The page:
2016 Update: This was written in 2009 but most of it is true today. Our market is better in 2016 than it was in 2009, so that's not as relevant, but the truth is, homes that aren't priced correctly for their condition can still sit on the market for a long time. Some of the items below can also thwart a sale.
I showed Orland Park homes for sale over the weekend and also showed homes in Homer Glen, Palos Heights and Palos Park. The first home was vacant new construction and the agent was holding an open house. She stayed out of our way and allowed me to show the home to my buyers, who know me and know I'm looking out for their best interests. One of these places was a nice home on a busy street.
The 2nd home showing was a whole different story. I was told the seller would be home but did not expect what occurred. I warned my buyers the seller would be home before we entered the house. They were not happy with the information and she commented, "I thought sellers were supposed to leave during home showings." I told her they should leave but we can't force them to.
But this seller took it a step further. He was our tour guide.
And buyers and their agent do not need a tour guide
This house was almost completely redone, and it was done nicely. However, the seller talked and talked and talked some more. To be polite, my buyers gave him more attention than they did the house. He told them things my buyers could have cared less about, such as the wall that used to be out this far and was now only this far. He kept telling us what was before and what he did to create the after. My buyers did not care, at least not during the first viewing, what the houseused to be like. They only cared what it was like now.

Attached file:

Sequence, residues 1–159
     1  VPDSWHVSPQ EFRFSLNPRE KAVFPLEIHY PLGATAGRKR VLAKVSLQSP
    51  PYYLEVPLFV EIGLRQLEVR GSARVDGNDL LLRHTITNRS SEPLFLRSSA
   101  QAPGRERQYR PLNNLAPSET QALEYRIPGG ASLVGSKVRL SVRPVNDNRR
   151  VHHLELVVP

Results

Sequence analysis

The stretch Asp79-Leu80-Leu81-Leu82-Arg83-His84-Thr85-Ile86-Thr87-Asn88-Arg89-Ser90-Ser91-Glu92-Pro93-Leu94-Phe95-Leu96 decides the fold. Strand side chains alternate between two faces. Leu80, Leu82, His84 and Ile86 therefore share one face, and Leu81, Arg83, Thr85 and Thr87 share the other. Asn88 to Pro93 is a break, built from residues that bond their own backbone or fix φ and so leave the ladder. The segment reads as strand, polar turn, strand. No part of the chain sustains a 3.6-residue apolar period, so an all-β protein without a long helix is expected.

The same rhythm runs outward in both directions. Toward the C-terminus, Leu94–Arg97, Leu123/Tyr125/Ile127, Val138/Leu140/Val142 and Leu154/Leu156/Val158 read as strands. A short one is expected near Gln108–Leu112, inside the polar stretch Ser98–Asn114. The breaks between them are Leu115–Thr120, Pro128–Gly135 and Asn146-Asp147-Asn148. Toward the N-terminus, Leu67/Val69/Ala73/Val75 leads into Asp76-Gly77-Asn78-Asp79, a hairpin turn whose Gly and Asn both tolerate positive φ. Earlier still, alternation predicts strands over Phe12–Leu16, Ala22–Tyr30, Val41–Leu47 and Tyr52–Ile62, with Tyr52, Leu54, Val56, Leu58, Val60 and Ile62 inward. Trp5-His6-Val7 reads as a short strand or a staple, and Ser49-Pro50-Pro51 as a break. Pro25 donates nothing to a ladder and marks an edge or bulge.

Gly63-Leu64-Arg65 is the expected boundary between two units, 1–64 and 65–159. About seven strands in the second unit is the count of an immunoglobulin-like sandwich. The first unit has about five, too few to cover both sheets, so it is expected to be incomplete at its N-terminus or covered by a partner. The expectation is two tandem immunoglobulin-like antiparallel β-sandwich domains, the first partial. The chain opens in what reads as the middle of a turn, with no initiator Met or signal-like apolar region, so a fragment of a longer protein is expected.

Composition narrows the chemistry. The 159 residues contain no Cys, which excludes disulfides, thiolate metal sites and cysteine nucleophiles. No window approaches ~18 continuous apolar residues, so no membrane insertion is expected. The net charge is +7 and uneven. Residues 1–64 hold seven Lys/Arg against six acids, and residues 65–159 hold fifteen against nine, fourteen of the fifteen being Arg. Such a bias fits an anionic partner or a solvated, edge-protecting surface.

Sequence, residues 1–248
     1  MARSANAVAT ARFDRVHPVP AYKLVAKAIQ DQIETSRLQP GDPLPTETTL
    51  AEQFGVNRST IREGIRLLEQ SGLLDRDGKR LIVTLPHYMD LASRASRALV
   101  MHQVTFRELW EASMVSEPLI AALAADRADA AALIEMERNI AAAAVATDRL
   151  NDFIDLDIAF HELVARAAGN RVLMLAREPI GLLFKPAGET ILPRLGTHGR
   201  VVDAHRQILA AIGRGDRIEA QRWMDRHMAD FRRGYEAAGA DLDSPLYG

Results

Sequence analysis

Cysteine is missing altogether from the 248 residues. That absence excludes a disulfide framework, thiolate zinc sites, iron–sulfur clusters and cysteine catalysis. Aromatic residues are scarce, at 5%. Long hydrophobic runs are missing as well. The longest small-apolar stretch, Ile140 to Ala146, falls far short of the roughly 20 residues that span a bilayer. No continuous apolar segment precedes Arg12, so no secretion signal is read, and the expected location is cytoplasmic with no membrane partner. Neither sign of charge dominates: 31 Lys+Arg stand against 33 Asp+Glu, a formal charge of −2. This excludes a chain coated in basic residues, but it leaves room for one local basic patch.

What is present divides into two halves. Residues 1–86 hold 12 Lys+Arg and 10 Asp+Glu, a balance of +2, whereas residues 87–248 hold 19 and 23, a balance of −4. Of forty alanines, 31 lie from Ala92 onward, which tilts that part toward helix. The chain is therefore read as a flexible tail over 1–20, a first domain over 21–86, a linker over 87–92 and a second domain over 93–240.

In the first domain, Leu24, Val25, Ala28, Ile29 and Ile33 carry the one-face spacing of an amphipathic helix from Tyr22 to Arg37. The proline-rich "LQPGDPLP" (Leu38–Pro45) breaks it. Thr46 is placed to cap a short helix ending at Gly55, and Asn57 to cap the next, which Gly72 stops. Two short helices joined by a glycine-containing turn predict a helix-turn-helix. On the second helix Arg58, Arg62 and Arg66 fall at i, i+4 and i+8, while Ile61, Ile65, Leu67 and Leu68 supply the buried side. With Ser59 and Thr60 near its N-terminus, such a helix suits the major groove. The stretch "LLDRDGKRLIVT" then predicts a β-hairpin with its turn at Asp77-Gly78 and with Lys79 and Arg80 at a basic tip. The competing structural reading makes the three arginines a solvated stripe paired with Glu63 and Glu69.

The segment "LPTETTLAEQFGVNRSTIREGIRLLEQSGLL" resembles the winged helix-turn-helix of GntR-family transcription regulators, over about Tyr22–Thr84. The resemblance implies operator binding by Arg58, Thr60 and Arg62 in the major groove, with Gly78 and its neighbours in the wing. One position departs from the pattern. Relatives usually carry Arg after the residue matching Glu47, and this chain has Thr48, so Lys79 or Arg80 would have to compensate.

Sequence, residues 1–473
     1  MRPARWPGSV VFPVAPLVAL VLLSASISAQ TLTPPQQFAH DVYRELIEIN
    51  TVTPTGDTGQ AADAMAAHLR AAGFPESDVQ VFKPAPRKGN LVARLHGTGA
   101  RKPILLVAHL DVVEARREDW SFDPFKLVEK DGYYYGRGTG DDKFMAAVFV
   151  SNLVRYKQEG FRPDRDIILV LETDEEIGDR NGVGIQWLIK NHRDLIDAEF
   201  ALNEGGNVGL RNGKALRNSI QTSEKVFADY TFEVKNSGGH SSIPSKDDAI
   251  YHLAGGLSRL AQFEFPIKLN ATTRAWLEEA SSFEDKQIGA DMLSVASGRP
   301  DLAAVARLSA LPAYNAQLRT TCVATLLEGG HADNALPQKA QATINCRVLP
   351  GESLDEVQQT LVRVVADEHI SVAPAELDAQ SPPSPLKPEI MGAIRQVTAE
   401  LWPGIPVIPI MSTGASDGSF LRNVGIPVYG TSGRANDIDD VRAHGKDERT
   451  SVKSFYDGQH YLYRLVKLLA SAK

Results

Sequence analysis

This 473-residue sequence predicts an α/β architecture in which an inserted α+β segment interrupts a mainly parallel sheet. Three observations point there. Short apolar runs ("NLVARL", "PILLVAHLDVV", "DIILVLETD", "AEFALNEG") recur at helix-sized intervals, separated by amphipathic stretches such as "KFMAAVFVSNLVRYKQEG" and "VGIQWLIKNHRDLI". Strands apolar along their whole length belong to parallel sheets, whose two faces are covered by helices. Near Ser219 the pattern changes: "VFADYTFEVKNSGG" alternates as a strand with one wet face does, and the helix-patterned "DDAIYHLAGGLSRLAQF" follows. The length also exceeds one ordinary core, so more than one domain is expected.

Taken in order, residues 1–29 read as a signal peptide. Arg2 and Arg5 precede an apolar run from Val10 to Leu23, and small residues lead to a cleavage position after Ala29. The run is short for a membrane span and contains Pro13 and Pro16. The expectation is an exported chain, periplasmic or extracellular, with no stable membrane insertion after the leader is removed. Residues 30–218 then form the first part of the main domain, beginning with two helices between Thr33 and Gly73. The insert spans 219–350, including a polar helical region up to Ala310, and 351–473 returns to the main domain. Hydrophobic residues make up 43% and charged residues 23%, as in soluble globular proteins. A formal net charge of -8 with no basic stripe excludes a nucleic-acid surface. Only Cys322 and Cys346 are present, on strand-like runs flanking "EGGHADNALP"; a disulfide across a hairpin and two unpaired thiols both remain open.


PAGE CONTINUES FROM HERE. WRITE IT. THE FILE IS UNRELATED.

I tried pulling them away from his lead but he just wouldn't have it. I wanted to pull him aside and ask him to allow me to show the home instead of him showing it. I didn't feel there was a correct time that wouldn't have made him feel mad or embarrassed, so we let him "sell" us. I could tell my buyers were uncomfortable and one of them even rolled her eyes at one point.
Fortunately, my buyers are very nice and didn't completely hold things against this seller. But they would have been so much more comfortable if he had left us alone.
Buyers can tell pretty quickly if they're interested in a home or not
No amount of explanation or history or showing every little thing by the seller will help sell a home if the buyers aren't interested in it for whatever reason. In fact, we went through another nice home that one of the buyers kept talking positive about but the other buyer said he just wasn't feeling it. That was not a house they will consider putting an offer on.